Skip to Main Content
Book Chapter

Relative importance of trenchward upper plate motion and friction along the plate interface for the topographic evolution of subduction-related mountain belts

By
Andrea Hampel
Andrea Hampel
Search for other works by this author on:
Adrian Pfiffner
Adrian Pfiffner
Search for other works by this author on:
Published:
January 01, 2006

Abstract

We present finite-element models that investigate the relative importance of both trenchward motion of the upper plate and interplate coupling for the development of topography at convergent margins. Commonly, the role of a trenchward moving continental plate for the growth of topography is neglected in both modelling and field studies. Instead, forces exerted by the downgoing plate on the continental plate as well as interplate coupling are thought to be responsible for the deformation of the upper plate. Our model set-up includes an oceanic plate, which is in contact with a continental plate along a frictional plate interface and driven by slab pull. Both lithospheres have an elasto-visco-plastic rheology. The models demónstrate that friction along the plate interface can only lead to a high topography if the upper plate is moving toward the trench. Without such a trenchward advance, no high topography is generated, as the upper plate subsides owing to the drag exerted by the subducting plate. Increasing the coefficient of friction only amplifies the drag and increases the amount of subsidence. Our findings imply that trenchward motion of the continental plate plays a key role for the development of mountain beits at convergent margins; subduction of an oceanic plate even with high interplate coupling cannot explain the formation of Andean-type orogens.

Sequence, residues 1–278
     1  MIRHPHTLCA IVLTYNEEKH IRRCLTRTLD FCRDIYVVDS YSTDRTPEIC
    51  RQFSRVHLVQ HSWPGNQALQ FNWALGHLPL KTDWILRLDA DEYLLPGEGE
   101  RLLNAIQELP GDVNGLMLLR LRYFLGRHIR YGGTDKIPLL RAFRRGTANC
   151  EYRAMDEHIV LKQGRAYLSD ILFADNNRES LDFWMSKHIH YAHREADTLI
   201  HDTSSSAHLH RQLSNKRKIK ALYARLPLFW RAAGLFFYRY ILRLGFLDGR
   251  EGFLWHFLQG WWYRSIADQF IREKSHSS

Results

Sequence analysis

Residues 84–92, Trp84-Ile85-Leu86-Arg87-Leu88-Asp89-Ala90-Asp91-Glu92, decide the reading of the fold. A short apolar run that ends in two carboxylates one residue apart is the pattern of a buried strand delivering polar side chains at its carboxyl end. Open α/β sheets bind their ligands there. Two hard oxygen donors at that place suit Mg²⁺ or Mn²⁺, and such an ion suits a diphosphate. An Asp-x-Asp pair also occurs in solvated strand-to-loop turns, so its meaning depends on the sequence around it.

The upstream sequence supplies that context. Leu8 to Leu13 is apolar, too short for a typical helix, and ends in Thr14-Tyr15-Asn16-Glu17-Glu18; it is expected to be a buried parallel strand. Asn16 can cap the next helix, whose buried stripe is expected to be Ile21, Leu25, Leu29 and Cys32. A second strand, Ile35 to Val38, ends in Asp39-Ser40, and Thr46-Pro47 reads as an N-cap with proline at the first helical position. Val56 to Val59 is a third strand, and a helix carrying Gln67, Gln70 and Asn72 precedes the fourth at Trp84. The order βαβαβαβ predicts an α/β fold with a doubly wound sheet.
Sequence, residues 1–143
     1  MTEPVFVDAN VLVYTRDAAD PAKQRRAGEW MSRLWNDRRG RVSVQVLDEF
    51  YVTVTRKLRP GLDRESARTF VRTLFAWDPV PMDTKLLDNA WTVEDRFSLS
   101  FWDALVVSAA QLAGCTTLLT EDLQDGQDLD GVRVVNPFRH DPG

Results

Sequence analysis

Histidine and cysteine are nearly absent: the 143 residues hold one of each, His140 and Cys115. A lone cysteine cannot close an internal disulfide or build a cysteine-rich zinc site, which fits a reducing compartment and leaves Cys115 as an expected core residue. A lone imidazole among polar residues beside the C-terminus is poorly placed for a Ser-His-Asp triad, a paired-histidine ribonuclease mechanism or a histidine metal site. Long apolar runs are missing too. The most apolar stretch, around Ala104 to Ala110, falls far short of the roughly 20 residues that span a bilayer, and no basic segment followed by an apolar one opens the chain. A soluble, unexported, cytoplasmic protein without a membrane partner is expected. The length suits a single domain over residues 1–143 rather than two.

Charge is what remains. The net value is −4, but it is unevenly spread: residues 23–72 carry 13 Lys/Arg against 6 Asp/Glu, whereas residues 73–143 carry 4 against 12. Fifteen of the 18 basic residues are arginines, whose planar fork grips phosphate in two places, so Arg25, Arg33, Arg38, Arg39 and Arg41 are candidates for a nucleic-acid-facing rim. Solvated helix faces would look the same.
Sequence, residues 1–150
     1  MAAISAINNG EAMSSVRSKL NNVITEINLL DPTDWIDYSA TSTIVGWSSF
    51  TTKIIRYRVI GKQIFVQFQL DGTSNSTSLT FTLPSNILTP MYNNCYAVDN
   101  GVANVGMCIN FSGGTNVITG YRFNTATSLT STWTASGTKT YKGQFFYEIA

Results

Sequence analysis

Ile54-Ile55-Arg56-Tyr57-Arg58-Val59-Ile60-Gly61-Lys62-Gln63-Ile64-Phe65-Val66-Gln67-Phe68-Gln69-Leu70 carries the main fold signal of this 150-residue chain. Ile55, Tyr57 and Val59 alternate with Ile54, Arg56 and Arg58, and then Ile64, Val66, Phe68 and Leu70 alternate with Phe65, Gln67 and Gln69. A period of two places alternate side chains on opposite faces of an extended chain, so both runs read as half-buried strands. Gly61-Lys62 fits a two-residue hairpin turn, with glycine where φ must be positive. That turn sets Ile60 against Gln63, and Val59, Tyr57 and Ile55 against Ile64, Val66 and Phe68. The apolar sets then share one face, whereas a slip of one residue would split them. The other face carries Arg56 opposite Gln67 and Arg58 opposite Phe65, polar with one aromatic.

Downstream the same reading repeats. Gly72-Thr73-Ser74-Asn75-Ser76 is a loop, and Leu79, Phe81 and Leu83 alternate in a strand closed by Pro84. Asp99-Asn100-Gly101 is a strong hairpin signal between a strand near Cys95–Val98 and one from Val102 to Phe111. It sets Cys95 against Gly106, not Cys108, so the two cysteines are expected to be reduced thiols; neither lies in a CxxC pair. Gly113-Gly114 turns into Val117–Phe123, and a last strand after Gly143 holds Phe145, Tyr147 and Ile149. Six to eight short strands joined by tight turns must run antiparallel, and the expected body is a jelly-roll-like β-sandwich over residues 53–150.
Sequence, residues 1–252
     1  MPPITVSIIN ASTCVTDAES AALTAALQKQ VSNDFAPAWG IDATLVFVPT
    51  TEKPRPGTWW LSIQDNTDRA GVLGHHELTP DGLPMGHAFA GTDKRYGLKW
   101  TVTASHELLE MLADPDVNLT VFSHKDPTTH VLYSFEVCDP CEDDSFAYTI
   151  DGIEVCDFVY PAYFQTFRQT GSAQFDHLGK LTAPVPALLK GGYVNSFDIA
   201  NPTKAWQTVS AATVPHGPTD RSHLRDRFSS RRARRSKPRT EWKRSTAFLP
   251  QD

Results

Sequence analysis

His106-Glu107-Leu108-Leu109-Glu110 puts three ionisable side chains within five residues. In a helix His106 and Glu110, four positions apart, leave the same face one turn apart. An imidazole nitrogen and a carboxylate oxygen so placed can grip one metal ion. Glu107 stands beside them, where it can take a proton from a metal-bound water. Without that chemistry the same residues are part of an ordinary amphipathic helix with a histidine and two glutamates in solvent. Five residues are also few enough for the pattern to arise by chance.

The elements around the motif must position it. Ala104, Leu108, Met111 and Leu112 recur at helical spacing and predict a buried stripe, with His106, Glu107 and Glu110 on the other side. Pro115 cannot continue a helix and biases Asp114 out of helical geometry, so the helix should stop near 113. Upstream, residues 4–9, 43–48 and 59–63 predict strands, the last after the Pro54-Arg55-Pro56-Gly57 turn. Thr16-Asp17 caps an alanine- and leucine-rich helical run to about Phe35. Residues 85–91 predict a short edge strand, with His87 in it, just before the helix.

You do not currently have access to this article.

Figures & Tables

Contents

Geological Society, London, Special Publications

Analogue and Numerical Modelling of Crustal-Scale Processes

S. J. H. Buiter
S. J. H. Buiter
Geological Survey of Norway, Trondheim, Norway
Search for other works by this author on:
G. Schreurs
G. Schreurs
University of Bern, Switzerland
Search for other works by this author on:
Geological Society of London
Volume
253
ISBN electronic:
9781862395015
Publication date:
January 01, 2006

GeoRef

References

Related

Citing Books via

Close Modal
This Feature Is Available To Subscribers Only

Sign In or Create an Account

Close Modal
Close Modal